Beginning in 2010 the SDS Implementation Group should gather and interpret information on resource allocation models and systems to see which approaches best deliver the outcomes for all groups and levels of need. The group should consider whether research and development is required to recommend a method that has both technical rigour and a personalised, transparent and outcomes focus.


Building on recommendation above, the Scottish Government, in conjunction with COSLA, should commission a Scotland-wide cost analysis of the rates offered for individual budgets and existing direct payments and the costs for provider equivalents in local authorities and the independent sector with a view to assessing how funding levels for individuals meet the outcomes.


The Scottish Government should work with COSLA and the Independent Living movement on simplifying Charging Policy to make this more compatible with the outcomes associated with self-directed support.


The Self Directed Support Implementation Group with other organisations should consider the support provision needed for PAs.


The Scottish Government should co-ordinate work that ensures a system of support is provided to individuals, suitable training for PAs and proportionate local authority monitoring to ensure that individuals are aware of their responsibilities.


The Scottish Government should work with local authorities and support services to ensure PA employers can be assisted to proactively to comply with employment law, social service workforce regulatory requirements/Codes of Practice and best practice.


In applying Scottish Government guidance on procurement, local authorities should implement the values and principles of self-directed support, and in turn promote independent living.


During 2011, local authorities should work in partnership with providers to develop provider networks in each area. These networks should look at ways of supporting citizens to individually or collectively commission services and examine the impact of self directed support within services.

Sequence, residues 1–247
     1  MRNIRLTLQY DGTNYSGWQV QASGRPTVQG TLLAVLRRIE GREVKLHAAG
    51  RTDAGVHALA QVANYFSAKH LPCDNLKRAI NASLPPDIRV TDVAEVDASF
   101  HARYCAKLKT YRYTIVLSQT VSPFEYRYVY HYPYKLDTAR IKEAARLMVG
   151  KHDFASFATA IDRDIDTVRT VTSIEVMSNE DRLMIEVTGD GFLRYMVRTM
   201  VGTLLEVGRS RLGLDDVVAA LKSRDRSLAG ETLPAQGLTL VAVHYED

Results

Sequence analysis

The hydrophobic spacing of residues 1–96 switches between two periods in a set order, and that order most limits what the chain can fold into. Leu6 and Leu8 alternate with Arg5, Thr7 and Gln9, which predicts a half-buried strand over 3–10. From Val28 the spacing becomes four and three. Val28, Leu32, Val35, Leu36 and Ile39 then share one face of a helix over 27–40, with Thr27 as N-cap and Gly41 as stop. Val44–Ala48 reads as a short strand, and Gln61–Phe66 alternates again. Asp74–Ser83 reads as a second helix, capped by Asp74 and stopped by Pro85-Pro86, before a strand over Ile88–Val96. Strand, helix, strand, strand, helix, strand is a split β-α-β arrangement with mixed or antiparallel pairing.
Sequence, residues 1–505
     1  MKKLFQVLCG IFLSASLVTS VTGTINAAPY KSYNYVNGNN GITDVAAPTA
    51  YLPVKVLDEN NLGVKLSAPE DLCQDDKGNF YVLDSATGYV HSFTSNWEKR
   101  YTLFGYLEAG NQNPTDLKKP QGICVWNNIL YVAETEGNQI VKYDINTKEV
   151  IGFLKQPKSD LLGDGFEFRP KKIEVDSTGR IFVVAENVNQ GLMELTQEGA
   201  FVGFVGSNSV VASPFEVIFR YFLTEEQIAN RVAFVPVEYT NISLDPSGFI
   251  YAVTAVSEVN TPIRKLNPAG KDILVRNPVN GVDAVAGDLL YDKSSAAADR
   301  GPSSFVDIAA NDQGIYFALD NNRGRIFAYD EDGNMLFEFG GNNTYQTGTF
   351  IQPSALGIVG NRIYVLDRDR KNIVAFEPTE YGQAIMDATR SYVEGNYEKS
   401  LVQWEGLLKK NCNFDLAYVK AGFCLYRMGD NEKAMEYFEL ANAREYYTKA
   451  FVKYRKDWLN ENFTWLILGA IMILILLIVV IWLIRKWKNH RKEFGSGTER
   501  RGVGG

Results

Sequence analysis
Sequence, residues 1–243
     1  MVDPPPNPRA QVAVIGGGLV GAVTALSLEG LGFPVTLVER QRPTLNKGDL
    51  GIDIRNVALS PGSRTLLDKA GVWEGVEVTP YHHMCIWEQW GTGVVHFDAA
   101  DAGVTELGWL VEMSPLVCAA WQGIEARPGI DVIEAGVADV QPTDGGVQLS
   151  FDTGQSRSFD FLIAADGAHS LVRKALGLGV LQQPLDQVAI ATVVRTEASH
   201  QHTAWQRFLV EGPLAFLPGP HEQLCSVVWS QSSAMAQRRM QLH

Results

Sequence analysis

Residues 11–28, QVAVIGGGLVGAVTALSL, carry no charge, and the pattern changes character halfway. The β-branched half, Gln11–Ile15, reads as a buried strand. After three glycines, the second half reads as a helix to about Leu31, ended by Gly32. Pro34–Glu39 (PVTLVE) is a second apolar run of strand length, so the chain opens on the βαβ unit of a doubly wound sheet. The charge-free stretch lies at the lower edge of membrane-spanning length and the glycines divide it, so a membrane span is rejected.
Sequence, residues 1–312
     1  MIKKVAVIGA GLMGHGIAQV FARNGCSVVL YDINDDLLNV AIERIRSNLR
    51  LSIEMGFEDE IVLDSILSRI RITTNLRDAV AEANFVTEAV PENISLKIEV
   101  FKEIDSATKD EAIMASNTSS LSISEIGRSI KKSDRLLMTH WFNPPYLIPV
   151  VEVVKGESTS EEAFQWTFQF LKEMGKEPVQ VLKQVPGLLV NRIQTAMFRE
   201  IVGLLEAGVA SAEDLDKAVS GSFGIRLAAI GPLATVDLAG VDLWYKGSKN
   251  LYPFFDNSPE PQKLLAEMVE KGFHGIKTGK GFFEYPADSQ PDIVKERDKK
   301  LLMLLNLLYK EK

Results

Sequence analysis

The Scottish Government in conjunction with the test sites, should publish and disseminate the findings from all its local authority pilots so that this learning can be offered across Scotland by 2012.


The Scottish Government and COSLA should use the learning from the research undertaken in the test sites in both local authorities and health settings to begin to identify how best existing resources can be used to support the delivery of self directed support, and the timescales for development.


The Scottish Government and key stakeholders should work together to review and update the Community Care Outcomes Framework by summer 2011 in order to ensure that all client groups and forms of community care support are adequately represented in data collected for Local Outcome Agreements.


The Scottish Government should review current data collection on direct payments to measure the approach to self-directed support.


Scrutiny bodies should devise a method to measure the incremental progress of the policy in collaboration with individuals, carers and other interested parties.


The Scottish Government should discuss with Education leads whether and how Disabled Students Allowance and other relevant funds in Further and special, and Higher education can be included in self-directed support packages.